Back to the story: Psyche seeks out Aphrodite and begs for her mercy. The goddess takes on the role as the evil queen (and mother in law) and mocks Psyche for having entered a sham marriage. She has her handmaidens “Worry” and “Sadness” whip her and torment her in every way possible ( love can indeed be cruel). It is a part of the story that Psyche in her days as young princess was called “the second coming of Aphrodite” and was rumored to be the goddess’s own child, something that can irk any love goddess, I suppose… This punishment of the younger (prettier) rival is something we know well from other stories, especially from Snow White.

Aphrodite gives Psyche various tasks she must fulfill in order to get her prince back (he is currently ill and is being nursed back to health at his mother’s house), two of these tasks are particularly interesting: in the first one Aphrodite throws before Psyche a great mass of mixed wheat, barley, poppy seed, chickpeas, lentils, and beans, demanding that she sort them into separate heaps by dawn. This is Cinderella’s task! There are even little helpers, but they are not mice – but ants, who helps her sort through the mess. Aphrodite is furious when she comes home and sees that the job is done, she throws Psyche a piece of dry crust to eat and stomps off.

Seignac Guillaume: The Awakening of Psyche

The other interesting thing happens after the third and hardest task, where Psyche must visit the underworld in order to fetch some of Persephone’s beauty. Psyche manages the task but is (again) tempted by her need to know and opens the box to have a look: and falls into a deathlike slumber. She remains thus until Eros finds her, and revives her – with a kiss…

Canova: Psyche Revived by Cupid’s Kiss

It’s impossible to tell when and how Cinderella, Sleeping Beauty, Snow White and even Beauty and Beast gained these traits from Psyche’s story – and the influence varies in the different versions of the respective tales, but it’s certainly there. Just as certain as the happily ever after…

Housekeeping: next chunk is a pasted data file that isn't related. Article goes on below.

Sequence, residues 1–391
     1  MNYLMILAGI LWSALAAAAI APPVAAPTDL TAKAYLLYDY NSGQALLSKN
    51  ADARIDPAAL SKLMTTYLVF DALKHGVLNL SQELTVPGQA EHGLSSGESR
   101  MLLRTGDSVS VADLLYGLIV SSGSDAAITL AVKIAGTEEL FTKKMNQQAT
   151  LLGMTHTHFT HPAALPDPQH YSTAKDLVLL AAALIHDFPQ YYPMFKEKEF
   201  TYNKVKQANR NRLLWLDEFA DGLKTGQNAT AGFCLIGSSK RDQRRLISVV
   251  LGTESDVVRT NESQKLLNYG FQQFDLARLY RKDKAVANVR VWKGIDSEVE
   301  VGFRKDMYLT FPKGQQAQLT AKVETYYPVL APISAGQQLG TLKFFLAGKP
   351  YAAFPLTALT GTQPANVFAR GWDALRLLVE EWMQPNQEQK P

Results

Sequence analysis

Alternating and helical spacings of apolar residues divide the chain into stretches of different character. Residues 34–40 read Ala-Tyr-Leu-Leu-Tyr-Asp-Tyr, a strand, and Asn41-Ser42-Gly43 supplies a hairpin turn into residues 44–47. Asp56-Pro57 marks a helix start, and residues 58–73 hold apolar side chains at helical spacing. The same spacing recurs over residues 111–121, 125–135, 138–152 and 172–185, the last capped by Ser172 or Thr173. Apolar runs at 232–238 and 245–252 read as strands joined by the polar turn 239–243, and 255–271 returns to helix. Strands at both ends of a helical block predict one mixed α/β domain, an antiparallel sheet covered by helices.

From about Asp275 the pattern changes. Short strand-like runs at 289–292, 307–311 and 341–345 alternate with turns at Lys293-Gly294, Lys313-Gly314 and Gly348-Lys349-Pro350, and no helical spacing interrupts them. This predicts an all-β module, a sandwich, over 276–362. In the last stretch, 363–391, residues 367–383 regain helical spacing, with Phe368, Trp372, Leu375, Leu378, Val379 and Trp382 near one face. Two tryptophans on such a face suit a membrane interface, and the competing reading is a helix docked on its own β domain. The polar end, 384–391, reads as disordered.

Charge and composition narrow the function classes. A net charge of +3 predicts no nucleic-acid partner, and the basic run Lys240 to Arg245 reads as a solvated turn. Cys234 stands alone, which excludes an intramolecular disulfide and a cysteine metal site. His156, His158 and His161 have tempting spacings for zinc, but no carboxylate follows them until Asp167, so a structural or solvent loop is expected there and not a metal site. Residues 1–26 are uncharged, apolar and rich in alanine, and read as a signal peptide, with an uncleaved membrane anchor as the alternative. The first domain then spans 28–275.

The story of Eros and Psyche concludes with her drinking ambrosia, the divine drink that grants immortality, so she can be with her prince forever. There is a huge wedding feast and everybody is happy.

As a role model Psyche does quite well:  she becomes the hero of the story, the mover of the plot, she doesn’t remain the victim on the mountain top but takes action when required (as any adult woman should). Read as a love story, it is nice to see how Eros and Psyche both must do they share to resolve their difficult situation – it’s not just the prince who has to fight his way through the brambles.

Psyche’s name means “butterfly”, which is why she often is pictured with butterfly wings on her back. But the same word is also – probably due to the butterfly’s transformative qualities – used to describe the human soul (or “breath of life”). She is a butterfly herself, going through different stages: from maid to lover and mother – then she visits the underworld and falls into a deathlike sleep, before she’s granted immortality and goes on to live among the gods. “The great quest” and the subsequent transformation, is where fairytales and myths merges: it is equally important in both. In the fairytales though, it’s rarely as “outspoken” as in Psyche’s story, where the idea of spiritual awakening/development (the merging of human “soul” and divinity) seems to be the central issue. Maybe, if we read about “our” princesses with Psyche in mind, we might discover some new, exciting layers in the stories… And Psyche’s passion and determination certainly leaves some of her younger incarnations somewhat lacking in comparison…

Blackeri: Eros and Psyche


Visions of Whimsy: The Story of Eros and Psyche
Iona and Peter Opie: The Classic Fairy Tales
Wikipedia: Eros and Psyche
Terri Windling: Married to Magic: Animal Brides and Bridegrooms in Folklore and Fantasy 

C.S. Lewis: Till We Have Faces


 Camilla Bruce 2013

One Response to “Fairytale Friday: Psyche, The Ultimate Fairytale Princess”

  1. Kate Dircksen says:

    I’m executing research on snakes, are you aware the largest snake?